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New Colorado avalanche study reveals troubling trend heading into busy backcountry season – The Colorado Sun – Colorado Springs, Colorado

Colorado Springs, Colorado 2020-11-20 06:20:00 –

And according to Green and Logan’s research, it may not be the newcomers behind the potential increase in avalanche accidents this season. Their study overturns the assumption that beginners flooding the backcountry are more dangerous than experienced travelers who may push further into dangerous terrain at more dangerous times.

Greene and Logan have found that most people involved in last season’s avalanche have intermediate or advanced level experience. This reflects previous research showing that experienced and educated backcountry travelers spend more time on avalanche terrain and are more likely to enter the backcountry at increased risk of avalanches. I will.

The trouble with Greene is that when the danger rises to level 3, or “significantly,” the proportion of experienced travelers increases and it appears that an avalanche is occurring.

Almost half of the deaths from avalanches in the United States occur when the risk is “significant.” Most Colorado occurs when the risk is level 2, “medium”, or “significant.”

Greene and Logan found that most of the incidents that occurred when the risk was “significant” last season occurred in the weeks following the resort’s closure in mid-March.

And those travelers were well educated. Almost 40% of the people involved in the avalanche last season took formal Level 1 avalanche classes. About 70% received intermediate or advanced avalanche training.

A small slide of a few inches of fresh snow descends into a weak layer, finally flushing the ground with the March 25 avalanche and facing reckless danger and fine charges to replace the damaged avalanche mitigation system2 A human snowboarder was involved. (Provided by Colorado Avalanche Information Center)

According to Green, there were concerns about the proportion of incidents after the resort was closed due to a pandemic.

“The number of post-pandemic accidents in’quite’has increased significantly. Looking at the total number of days in’quite’, it was more dramatic than expected,” he said.

CAIC aims to assist backcountry travelers of all levels. While more and more focus is on educating new backcountry entrants this season, Green also helps his predictions and reports inform more experienced backcountry travelers. I want to make sure that.

“Something like this is useful for everyone,” he said.

Then what should I do? According to Green, continue to educate and publish reports. Encourage all backcountry travelers to review forecasts before every trip and gain a better understanding of the avalanche risk rating scale that Green calls a “challenge communication tool”.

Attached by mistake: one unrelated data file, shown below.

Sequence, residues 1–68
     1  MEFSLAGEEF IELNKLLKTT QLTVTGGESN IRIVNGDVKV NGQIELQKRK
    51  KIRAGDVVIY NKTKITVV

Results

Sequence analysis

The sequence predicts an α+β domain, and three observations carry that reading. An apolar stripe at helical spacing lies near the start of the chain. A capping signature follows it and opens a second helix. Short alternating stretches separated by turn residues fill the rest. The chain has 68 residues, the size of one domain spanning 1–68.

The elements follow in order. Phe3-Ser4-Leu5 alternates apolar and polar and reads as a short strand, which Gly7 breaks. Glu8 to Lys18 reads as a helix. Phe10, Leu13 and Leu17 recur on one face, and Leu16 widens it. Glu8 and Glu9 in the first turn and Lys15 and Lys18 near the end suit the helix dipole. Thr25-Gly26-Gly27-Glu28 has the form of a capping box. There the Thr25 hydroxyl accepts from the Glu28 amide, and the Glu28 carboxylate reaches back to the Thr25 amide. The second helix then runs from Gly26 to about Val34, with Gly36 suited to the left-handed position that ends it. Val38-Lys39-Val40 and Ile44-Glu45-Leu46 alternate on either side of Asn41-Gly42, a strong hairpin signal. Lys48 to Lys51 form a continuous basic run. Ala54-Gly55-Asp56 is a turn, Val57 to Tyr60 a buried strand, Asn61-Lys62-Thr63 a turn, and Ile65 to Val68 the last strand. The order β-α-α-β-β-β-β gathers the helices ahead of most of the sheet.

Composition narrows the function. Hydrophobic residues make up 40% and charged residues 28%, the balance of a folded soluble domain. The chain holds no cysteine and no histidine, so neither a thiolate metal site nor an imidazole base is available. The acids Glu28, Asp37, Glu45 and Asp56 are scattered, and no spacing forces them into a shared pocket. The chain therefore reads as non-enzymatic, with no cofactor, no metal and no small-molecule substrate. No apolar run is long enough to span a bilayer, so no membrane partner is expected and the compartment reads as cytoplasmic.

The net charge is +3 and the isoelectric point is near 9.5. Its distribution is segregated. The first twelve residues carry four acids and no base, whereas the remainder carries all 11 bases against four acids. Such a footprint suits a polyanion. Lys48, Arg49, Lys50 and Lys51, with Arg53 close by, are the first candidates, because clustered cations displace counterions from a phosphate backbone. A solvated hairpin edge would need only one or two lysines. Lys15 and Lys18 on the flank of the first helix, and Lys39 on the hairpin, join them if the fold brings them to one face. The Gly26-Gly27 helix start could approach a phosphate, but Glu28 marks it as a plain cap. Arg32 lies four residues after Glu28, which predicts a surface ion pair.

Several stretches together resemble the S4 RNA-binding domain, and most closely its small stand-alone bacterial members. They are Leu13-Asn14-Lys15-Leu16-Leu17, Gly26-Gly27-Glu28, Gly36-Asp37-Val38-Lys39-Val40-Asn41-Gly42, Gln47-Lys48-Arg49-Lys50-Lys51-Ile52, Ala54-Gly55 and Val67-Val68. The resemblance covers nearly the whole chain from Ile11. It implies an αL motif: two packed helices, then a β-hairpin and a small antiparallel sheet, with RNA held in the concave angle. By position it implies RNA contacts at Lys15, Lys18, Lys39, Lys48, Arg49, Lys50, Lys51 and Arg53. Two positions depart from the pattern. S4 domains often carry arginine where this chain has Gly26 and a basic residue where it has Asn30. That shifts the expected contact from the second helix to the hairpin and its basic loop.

Evaluation scales are useful because they are used all over the world. It can also be difficult to understand because it measures and ranks two different risks: an avalanche is likely to occur and a location where an avalanche is likely to occur.

“How likely is it to find a place to trigger? Then, how likely is it to trigger when you find that place,” Greene said. “There are a lot of accidents in’Medium’, because it’s often difficult to find a location, and then it’s very easy to trigger that slide.”

Halsted Morris, President of the American Avalanche Association, wants to study skiing and snowmobile abilities more closely, along with avalanche education and experience. Those who are experienced in avalanche terrain tend to be better skiers and want to explore more difficult terrain.

“We are always involved in this debate around the idea that a little knowledge is dangerous and it is not entirely true,” said long-time avalanche educator Morris. “If that were true, we wouldn’t have had so many experienced and skilled people in trouble. Those who weren’t educated would be in trouble.”

The American Avalanche Association, like almost all avalanche education groups, encourages new entrants to the backcountry to take an avalanche course or awareness clinic. Not only that, but think about first aid to survive an exposed night in the mountains and the ability to carry injured companions from the snow-covered wilderness, Morris said.

“These skills are the result of experience, and I think guides are the ones new people should come into contact with,” Morris said. “I don’t want to hire a guide to go skiing. You hire a guide to learn a lot of important skills.”


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